Immigration | Texas Public Radio

Immigration

Roberto Martinez

Almost overnight, "flatten the curve" became a national motto. This week on Petrie Dish, TPR's weekly podcast about the coronavirus, we unpack the origins of that phrase with a public health expert who helped popularize it. And, we hear from reporters across Texas about some of the negative consequences of quarantine, from a spike in domestic violence reports to the relocation of migrants in camps along the U.S.-Mexico border. 

A new report by Physicians for Human Rights documents evidence of lasting psychological harm for migrant children and parents subjected to the Trump Administration's family separation policy, which was intended to dissuade migration to the nation's southern border.


Families Fear Census Data Could Be Used To Find Undocumented Immigrants, Survey Shows

Feb 20, 2020
A U.S. Census worker goes door to door.
U.S. Census Bureau

New research shows low-income and immigrant communities are worried the 2020 Census could be used to target undocumented people, indicating a high likelihood of an undercount. 

File Photo| Norma Martinez | Texas Public Radio

The 9th U.S. Circuit Court of Appeals issued an emergency stay late Monday night, blocking the deportation of a 5-year-old Guatemalan boy until the court can hear his case.

The move puts a hold on an earlier ruling, which would have allowed U.S. Immigration and Customs Enforcement to deport the boy and his family.

Origami cranes hang on a fence outside the South Texas family detention center in Dilley, Texas March 30, 2019.
File Photo | Norma Martinez | Texas Public Radio

Attorneys for a Guatemalan woman detained at a detention center in Dilley, Texas, are in court Monday to ask a judge to order U.S. Customs and Immigration Enforcement to provide further medical care for her 5-year-old son.

The Trump administration has expanded its new asylum claim review program to the Rio Grande Valley.

The Prompt Asylum Claim Review program, or PACR, has been in effect in El Paso since October.

Migrants in the PACR program are kept in U.S. Customs and Border Protection facilities instead of detention centers run by Immigration and Customs Enforcement.

David Martin Davies / Texas Public Radio

It's estimated that in the last 10 years about 700 migrants died crossing the desert in Brooks County. This is ground zero of a South Texas humanitarian crisis where migrants risk death in order to enter the U.S. without legal authorization. What happens to the human remains of those who don’t make it? There is an effort to identify those bodies and reunite the remains with families.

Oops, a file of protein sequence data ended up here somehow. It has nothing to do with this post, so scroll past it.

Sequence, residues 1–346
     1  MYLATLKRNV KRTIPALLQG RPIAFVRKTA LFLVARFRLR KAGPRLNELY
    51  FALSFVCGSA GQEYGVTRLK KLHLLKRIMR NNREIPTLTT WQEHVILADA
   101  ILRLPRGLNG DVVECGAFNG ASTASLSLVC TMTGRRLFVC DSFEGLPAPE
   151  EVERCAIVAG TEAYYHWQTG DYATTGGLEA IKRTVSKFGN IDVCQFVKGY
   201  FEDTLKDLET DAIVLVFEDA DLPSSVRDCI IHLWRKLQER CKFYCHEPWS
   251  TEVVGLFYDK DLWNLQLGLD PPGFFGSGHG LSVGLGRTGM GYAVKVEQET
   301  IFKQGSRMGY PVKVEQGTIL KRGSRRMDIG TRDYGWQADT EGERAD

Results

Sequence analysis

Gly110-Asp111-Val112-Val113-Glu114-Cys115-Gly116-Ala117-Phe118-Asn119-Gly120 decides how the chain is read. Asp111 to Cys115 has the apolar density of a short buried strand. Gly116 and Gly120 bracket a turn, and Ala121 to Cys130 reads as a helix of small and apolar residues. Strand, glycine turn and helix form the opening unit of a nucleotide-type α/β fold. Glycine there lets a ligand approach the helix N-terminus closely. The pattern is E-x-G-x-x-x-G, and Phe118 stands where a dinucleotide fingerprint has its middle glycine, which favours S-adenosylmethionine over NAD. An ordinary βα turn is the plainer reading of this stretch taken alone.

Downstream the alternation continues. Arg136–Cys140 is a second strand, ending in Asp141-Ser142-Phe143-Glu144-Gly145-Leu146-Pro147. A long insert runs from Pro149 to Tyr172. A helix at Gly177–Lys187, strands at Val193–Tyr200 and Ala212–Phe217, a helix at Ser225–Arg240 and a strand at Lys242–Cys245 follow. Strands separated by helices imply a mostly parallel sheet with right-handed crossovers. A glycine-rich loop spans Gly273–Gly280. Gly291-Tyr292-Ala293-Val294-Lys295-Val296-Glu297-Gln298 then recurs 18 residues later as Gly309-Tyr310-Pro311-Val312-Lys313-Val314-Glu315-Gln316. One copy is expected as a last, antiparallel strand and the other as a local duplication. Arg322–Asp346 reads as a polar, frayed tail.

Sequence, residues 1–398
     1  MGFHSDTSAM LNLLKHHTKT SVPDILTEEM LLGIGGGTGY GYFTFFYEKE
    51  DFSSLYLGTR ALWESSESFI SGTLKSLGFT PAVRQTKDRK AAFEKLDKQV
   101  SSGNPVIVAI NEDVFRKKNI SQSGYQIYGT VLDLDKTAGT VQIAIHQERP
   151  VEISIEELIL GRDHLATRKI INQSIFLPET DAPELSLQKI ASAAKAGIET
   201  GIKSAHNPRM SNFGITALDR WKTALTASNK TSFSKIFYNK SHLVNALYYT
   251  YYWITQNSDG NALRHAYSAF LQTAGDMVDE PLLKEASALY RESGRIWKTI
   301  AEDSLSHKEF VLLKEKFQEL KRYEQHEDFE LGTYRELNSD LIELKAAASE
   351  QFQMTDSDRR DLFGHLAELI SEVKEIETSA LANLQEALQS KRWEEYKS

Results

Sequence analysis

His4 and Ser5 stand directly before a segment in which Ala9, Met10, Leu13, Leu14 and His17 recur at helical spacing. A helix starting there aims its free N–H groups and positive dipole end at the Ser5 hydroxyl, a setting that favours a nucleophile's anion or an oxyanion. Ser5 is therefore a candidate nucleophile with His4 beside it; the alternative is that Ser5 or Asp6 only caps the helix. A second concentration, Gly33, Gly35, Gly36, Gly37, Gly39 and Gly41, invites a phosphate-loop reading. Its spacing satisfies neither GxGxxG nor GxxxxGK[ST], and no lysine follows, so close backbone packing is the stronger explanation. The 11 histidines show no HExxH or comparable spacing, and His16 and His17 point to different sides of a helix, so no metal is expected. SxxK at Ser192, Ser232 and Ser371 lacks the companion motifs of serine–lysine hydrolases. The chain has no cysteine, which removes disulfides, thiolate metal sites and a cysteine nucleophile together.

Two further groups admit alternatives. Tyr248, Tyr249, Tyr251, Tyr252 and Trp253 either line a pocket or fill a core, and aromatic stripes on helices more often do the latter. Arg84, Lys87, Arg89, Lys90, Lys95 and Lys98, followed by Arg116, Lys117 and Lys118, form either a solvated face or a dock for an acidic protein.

David Martin Davies | Texas Public Radio

Every year, an untold number of migrants attempt to cross the U.S. southern border without government authorization. The flow of humanity is persistent and undeterred. Even with the threat of imprisonment or death they still come.


Bonnie Petrie | Texas Public Radio

A line snaked around the building that houses immigration court in downtown San Antonio early Friday morning. More than 100 people showed up for a court date that was set five years ago, then postponed. These migrants didn’t get the message. 

Lauren Markham is a writer and reporter based in Berkeley, Calif. Her work has been featured on multiple outlets, including The Guardian, Harper’s, Orion, Guernica, VICE, Pacific Standard, The New Yorker.com and VQR, where she is a contributing editor.
Ben Guccciardi

Senior White House adviser Stephen Miller was recently exposed of sending emails to the far-right media outlet, Breibart, in which he recommended the website write about the 1973 French novel, “The Camp of the Saints.” The controversial novel pushes the theory that minorities are replacing and ultimately destroying white civilization — “the great replacement” myth.

These are the same myths writer and journalist Lauren Markham has aimed to tackle throughout her writing. She has worked with refugees and immigrants for over a decade and has written about migration stories and migration myths.


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